français
 English
Brownian Motion and viscometry
Introduction and motivation: measuring viscosity with colloids
One of the most significant scientific advances in the 20th century was the complete description of Brownian motion. When Einstein's theory for Brownian motion, and Stokes's solution for drag on a sphere in a viscous liquid were merged to form the StokesEinstein relation, a whole new world for scientific development opened up. Indeed, this simple equation:
$latex D = \frac{k_B T}{6 \pi \eta r} $,
where $latex D$ represents the diffusion coefficient, $latex k_B$ is Boltzmann's constant, $latex T$ is the temperature, $latex \eta$ the liquid viscosity and $latex r$ the particle radius, has been implicated in no fewer than three Nobel prizes!
In this module, we will derive this expression, and use it to measure the viscosity of a waterglycerol mixture. This will be achieved by embedding a low numerical concentration of 1.1 microndiameter colloids. To do this, we will track the motion of these particles, and measure their meansquared displacement, which grows linearly with the lagtime. The constant of proportionality is related to $latex D$.
Readings
Week 2
Helpful alternative references for this week's lecture:
Review these notes on Einstein's analysis (link here)
Review these notes on Stokes drag (link here)
Review the particlehandling information sheet (link here), and review our particle's properties (link here)
Carefully read the 1st chapter from Howard Berg's book on random walks (from last week). You should be able to relate the diffusion coefficient to the meansquare displacment to D for a given diffusive trajectory in 2D. Read chapter 1 from Howard Berg's book on random walks (link here)
Week 3
I suggest you look at the scientific literature to help develop your discussion and conclusion. Be sure to cite any references you use. Can you identify an open question? How about a question that was recently addressed using colloids that diffuse? For a point of reference, there are some cool questions related to farfrom equilibrium thermodynamics that can be approached with colloids: Spatial Crossover Between FarFromEquilibrium and NearEquilibrium Dynamics in Locally Driven Suspensions (aps.org)
Exercises
Week 1

Calculate the volume proportions of glycerol and water for the viscosity you will prepare for your assigned viscosity. The assigned viscosity is the number of your group x 3/2 cSt. The total target volume of water + glycerol + particles is 1 ml. Here is a link for an online calculator

calculate a `reasonable' concentration of particles for your measurement: approximately 50 particles per 1 mm x 1mm x 10 microns (!)
 write a protocol for steps 1 & 2 to carry out next week to include as an appendix to your lab reports

Download the mfiles from here or, if you prefer python, download the trackpy package, located here. There are sample data sets included with either software package; familiarize your selves with the tracking processing workflow so you are prepared to collect and analyze data next week.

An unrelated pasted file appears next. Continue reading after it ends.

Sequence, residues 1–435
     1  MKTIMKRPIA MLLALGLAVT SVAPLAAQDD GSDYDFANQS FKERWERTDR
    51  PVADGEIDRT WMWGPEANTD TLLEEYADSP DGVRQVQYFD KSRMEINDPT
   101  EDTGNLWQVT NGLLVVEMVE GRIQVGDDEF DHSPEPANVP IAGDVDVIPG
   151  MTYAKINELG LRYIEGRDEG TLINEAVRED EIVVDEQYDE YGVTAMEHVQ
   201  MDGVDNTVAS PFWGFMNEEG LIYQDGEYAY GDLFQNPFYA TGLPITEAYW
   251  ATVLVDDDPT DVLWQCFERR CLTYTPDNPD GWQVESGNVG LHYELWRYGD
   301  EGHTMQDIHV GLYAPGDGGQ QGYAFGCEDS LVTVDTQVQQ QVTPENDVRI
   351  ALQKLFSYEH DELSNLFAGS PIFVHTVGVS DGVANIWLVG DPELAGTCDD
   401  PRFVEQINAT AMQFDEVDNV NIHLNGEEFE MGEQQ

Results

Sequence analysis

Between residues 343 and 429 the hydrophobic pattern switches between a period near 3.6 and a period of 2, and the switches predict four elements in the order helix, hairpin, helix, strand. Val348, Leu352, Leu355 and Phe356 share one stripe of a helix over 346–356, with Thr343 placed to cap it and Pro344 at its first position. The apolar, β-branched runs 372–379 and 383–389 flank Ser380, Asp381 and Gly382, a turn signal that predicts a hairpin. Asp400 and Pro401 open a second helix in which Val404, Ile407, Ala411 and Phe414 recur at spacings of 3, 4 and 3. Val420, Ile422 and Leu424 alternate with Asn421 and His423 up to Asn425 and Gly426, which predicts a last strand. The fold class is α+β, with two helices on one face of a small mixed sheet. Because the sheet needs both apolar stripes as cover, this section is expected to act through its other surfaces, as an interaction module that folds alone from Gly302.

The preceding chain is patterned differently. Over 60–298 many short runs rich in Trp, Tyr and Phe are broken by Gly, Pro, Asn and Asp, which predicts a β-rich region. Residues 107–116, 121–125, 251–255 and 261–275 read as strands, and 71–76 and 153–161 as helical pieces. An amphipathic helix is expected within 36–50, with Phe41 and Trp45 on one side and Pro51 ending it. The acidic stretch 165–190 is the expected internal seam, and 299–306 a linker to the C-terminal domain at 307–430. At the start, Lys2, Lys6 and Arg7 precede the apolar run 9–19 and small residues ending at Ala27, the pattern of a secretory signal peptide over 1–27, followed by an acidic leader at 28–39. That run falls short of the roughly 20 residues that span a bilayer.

Week 2
A tiff stack can be found here for typical particle tracking data
Groups for module 3
1. Vianney, Nasiri, Delespaul, Buehler
2. Froessel, Karam, Marciniak
3. Fontbonne, Aebi, Scherrer
4. Bagnoli, Bernard, Sabaghi
5. Bjarnadottir, Cortes, Macheret
6. PhD group
Week 3
The goal of today's exercises is to acquire a complete data set or two  comprised of meansquared displacement as a function of lag time.
With these key data in hand, you are ready to consider hyptotheses. In this process, bear in mind a few points:
 Does the measured $D$ agree with the prediction from the StokesEinstein relation?
 If not, why might it not agree?
 What are the sources of error in the experiment? Can the difference, if any, between your measured value and the SE prediction be accounted for by error?
In light of the readings for this week, what questions emerge that can help complete the scientific context for you? Any points that are unclear, or that you might do differently?
We also have the possibility to measure the viscosity directly using the rheometer for comparison, if that can help your scientific investigation.
Lecture notes 2023
Lecture notes 2022
Group Submissions (2023)
Group 5  Matlab code to simulate the diffusion of n particules for x steps in 2D.
Make sure to select the number of particules, steps and the length of the displacement you wish to simulate.
https://wiki.epfl.ch/emem2023/documents/Diffusion_simulation_2D.m
Group Submissions (2022 and prior years)
Group 4 (2022): Concentration of glycerol in the glycerol bottle.
Group 6 (2022): How to Use a Micropipette.pdf
Group 5  Matlab code to get the required volumes for a given viscosity and temperature.
Make sure to write the good path in the Matlab code 'visosity2volume.m'.
https://wiki.epfl.ch/emem2022/documents/Matlab_viscosity2volume.zip